|IT496563A *||Title not available|
|Citing Patent||Filing date||Publication date||Applicant||Title|
|US4890734 *||Feb 15, 1989||Jan 2, 1990||Jerald Gach||Disposable holder for hypodermic needles and sheaths|
|US4892191 *||Jun 20, 1989||Jan 9, 1990||Nissho Corporation||Container having injection needle-detaching means|
|US4903832 *||Jan 19, 1989||Feb 27, 1990||Winfield Corporation||Method and apparatus for cleanly storing and disposing of discarded articles|
|US4936449 *||Nov 7, 1988||Jun 26, 1990||Conard Douglas S||Disposable sharps retaining and disposal device|
|US4940157 *||Apr 12, 1989||Jul 10, 1990||Jitsuo Inagaki||Method of treating medical wastes and containers to be used for the treatment method|
|US4956907 *||Dec 19, 1988||Sep 18, 1990||John Bruno||Method for safely removing, storing and ultimately disposing of needles from hypodermic needle/syringe assemblies|
|US4973315 *||Nov 1, 1988||Nov 27, 1990||Ausmedics Pty Ltd.||Removal and safe disposal of sharps from medical tools|
|US4984686 *||Jan 23, 1989||Jan 15, 1991||Med-Safe Systems, Inc.||Sharps container closure and needle extractor assembly|
|US5007535 *||Sep 26, 1989||Apr 16, 1991||Hammerlit Gmbh||Syringe tray|
|US5021049 *||Feb 26, 1990||Jun 4, 1991||Howard Richard S||Needle sheath holder with seepage precluding engagement zones|
|US5037400 *||Mar 30, 1988||Aug 6, 1991||Oakleaf Enterprises, Inc.||Apparatus for resheathing hypodermic needles|
|US5046613 *||Nov 7, 1988||Sep 10, 1991||Centre Specialities Pharmaceuticals||Box for gathering dangerous refuse|
|US5067223 *||Dec 14, 1990||Nov 26, 1991||John Bruno||Method for detaching a hypodermic needle threadably engaged to a syringe|
|US5080651 *||Feb 27, 1991||Jan 14, 1992||Jullien Robert G||Combined protective guard and destruction system for a syringe|
|US5085338 *||Jan 4, 1991||Feb 4, 1992||Jitsuo Inagaki||Method of treating medical wastes and containers to be used for the treatment method|
|US5086922 *||Jun 12, 1990||Feb 11, 1992||Medical Safety Products, Inc.||Disposal for needles and syringes|
|US5092462 *||Aug 31, 1990||Mar 3, 1992||Medical Safety Products, Inc.||Disposal for disengaging and receiving needles|
|US5127522 *||Aug 2, 1990||Jul 7, 1992||Sherwood Medical Company||Sharps container with notched insert|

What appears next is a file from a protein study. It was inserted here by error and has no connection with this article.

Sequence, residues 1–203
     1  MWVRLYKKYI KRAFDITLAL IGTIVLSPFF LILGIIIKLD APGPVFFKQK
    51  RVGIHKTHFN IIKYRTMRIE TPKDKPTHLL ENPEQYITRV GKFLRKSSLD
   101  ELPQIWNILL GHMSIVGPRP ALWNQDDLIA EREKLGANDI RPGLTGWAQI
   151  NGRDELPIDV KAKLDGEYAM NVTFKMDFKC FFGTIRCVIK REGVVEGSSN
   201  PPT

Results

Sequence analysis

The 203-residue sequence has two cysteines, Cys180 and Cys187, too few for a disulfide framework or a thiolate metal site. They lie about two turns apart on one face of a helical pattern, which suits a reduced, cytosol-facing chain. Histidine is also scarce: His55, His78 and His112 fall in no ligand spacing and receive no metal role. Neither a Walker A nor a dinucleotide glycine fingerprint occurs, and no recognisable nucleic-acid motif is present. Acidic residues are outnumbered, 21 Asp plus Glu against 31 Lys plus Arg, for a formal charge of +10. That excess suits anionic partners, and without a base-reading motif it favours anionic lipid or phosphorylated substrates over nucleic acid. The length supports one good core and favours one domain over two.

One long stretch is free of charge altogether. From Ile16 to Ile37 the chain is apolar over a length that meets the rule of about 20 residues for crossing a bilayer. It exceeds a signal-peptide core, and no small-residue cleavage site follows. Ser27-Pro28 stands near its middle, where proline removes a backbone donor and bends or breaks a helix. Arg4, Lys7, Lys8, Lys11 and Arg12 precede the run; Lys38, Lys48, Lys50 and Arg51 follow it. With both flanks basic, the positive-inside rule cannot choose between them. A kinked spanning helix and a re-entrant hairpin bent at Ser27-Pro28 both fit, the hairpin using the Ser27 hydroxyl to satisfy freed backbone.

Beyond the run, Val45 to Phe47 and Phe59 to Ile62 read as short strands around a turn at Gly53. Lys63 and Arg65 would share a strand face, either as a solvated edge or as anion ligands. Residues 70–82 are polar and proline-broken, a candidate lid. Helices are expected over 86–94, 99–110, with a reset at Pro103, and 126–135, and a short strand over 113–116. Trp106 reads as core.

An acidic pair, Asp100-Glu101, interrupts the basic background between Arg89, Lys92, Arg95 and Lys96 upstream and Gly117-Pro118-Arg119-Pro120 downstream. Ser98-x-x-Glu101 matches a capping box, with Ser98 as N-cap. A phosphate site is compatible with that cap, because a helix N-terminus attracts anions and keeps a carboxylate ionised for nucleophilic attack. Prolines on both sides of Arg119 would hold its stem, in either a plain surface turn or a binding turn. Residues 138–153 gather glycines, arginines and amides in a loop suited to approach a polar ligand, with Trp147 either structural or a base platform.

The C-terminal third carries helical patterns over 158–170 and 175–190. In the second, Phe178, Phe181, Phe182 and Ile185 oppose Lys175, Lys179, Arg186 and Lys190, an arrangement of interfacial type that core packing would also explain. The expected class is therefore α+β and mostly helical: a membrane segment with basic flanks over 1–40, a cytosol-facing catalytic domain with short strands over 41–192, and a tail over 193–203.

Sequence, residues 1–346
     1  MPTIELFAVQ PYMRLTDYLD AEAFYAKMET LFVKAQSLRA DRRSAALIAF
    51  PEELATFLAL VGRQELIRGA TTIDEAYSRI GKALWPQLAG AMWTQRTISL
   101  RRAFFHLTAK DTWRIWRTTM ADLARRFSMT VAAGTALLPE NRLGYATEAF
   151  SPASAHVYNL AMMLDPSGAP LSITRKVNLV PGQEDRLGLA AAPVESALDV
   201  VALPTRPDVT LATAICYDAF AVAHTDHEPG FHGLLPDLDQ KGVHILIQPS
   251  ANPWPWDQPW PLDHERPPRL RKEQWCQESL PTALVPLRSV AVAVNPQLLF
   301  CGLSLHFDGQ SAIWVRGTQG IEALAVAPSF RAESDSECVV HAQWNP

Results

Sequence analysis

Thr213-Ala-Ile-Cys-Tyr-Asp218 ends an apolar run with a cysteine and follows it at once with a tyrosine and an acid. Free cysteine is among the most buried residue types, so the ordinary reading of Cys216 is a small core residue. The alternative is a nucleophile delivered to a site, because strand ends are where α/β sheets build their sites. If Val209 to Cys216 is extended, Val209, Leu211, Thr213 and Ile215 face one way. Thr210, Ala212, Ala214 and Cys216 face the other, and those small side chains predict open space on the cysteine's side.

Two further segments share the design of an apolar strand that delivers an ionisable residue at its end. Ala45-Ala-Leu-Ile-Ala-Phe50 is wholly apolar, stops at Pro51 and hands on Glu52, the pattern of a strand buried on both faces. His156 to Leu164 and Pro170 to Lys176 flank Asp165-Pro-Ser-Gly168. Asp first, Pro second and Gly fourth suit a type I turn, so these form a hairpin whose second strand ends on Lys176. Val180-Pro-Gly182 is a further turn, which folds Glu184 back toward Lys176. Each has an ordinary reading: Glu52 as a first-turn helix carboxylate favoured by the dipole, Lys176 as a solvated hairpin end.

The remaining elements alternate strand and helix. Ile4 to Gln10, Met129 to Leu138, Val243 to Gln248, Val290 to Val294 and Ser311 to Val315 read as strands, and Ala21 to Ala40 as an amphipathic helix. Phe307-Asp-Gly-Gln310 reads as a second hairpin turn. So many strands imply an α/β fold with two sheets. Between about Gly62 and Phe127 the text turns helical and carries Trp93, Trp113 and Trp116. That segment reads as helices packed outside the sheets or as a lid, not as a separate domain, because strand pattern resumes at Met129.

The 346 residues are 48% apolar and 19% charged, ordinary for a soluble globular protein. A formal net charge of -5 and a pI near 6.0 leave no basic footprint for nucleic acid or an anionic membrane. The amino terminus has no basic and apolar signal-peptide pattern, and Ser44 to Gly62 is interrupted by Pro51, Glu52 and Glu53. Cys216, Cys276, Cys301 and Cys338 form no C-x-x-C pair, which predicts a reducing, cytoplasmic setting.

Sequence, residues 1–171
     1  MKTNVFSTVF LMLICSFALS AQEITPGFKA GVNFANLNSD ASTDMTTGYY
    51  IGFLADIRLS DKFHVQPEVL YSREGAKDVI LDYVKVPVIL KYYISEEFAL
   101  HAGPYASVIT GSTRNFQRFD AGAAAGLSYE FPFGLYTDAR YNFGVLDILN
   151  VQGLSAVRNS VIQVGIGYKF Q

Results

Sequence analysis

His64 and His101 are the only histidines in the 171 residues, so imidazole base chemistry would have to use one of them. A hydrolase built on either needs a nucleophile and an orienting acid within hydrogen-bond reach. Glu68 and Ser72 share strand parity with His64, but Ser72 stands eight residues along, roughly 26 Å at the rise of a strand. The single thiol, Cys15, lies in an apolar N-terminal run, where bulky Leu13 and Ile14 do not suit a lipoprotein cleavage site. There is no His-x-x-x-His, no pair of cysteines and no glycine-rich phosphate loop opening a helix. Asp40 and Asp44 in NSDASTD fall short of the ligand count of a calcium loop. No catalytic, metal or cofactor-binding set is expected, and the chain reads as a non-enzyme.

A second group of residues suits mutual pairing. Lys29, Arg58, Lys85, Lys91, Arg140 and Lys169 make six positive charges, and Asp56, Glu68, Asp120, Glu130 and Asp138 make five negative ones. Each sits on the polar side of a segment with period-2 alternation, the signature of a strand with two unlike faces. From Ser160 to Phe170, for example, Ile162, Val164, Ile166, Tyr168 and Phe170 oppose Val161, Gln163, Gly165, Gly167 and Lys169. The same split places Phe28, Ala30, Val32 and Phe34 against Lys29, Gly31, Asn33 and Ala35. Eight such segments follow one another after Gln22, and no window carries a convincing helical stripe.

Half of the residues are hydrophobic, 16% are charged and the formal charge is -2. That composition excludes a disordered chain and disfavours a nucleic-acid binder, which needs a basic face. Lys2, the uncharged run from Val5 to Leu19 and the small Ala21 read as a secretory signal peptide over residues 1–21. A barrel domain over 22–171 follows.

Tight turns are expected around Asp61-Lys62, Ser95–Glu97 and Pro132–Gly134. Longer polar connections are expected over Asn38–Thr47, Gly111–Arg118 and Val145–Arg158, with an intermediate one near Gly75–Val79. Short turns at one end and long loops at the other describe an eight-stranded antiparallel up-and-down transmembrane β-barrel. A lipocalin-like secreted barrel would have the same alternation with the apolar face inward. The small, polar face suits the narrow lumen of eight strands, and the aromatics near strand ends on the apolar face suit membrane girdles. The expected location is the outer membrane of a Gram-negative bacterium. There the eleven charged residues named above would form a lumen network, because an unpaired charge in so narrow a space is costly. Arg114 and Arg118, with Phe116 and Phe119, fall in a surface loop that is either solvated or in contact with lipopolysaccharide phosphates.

|US5145063 *||Oct 7, 1991||Sep 8, 1992||The United States Of America As Represented By The Administrator Of The National Aeronautics And Space Administration||Sharps container|
|US5160324 *||Aug 1, 1991||Nov 3, 1992||Halbach Charles M||Hypodermic syringe sheath holder, combination using same and handling method|
|US5273161 *||May 31, 1991||Dec 28, 1993||Medical Safety Products, Inc.||Needle disposal system comprised of blood collection holder and companion biohazard receptacle|
|US5346086 *||Sep 20, 1991||Sep 13, 1994||Frontier Plastics (South Wales) Limited||Sharps disposal container with a pivoted closure door|
|US5356384 *||Feb 2, 1993||Oct 18, 1994||Haber John P||Syringe with needle recapping system|
|US5755673 *||Aug 1, 1997||May 26, 1998||Bio-Plexus, Inc.||Needle holder for fluid collection and/or injection system|
|US5857569 *||Mar 5, 1997||Jan 12, 1999||Hoftman; Moshe||Twist unlock and downward push disengage needle unlocker system|
|US6247592||Nov 3, 1997||Jun 19, 2001||Bio-Plexus, Inc.||System for disposal of contaminated medical products|
|US6421898 *||Apr 12, 2001||Jul 23, 2002||David Tsai||Device for separating a needle from a used syringe|
|US6783003||Jan 9, 2002||Aug 31, 2004||Kendell Simm||Hypodermic needle holder|
|US7021463 *||Sep 6, 2002||Apr 4, 2006||Becton, Dickinson And Company||Pen needle sharps port|
|US8177063||Dec 29, 2010||May 15, 2012||Kendell A. Simm||Hypodermic needle holder|
|US20050016883 *||Sep 6, 2002||Jan 27, 2005||Phan Vu Phan||Pen needle sharps port|
|US20130168272 *||Feb 26, 2013||Jul 4, 2013||Capso Vision, Inc.||Device for Capsule Retrieval|
|USRE37908 *||May 25, 2000||Nov 19, 2002||Bio-Plexus, Inc.||Needle holder for fluid collection and/or injection system|
|EP0387389A1 *||Apr 20, 1989||Sep 19, 1990||Jitsuo Inagaki||Method of treating medical wastes and containers to be used for the treatment method|
|WO2001058776A1 *||Feb 1, 2001||Aug 16, 2001||Paer Claesson||Cover for cans|
|U.S. Classification||206/366, 206/438, 206/364, 220/908|
|Cooperative Classification||Y10S220/908, A61M5/3205|
|Sep 9, 1992||REMI||Maintenance fee reminder mailed|
|Feb 7, 1993||LAPS||Lapse for failure to pay maintenance fees|
|Apr 20, 1993||FP||Expired due to failure to pay maintenance fee|
Effective date: 19930207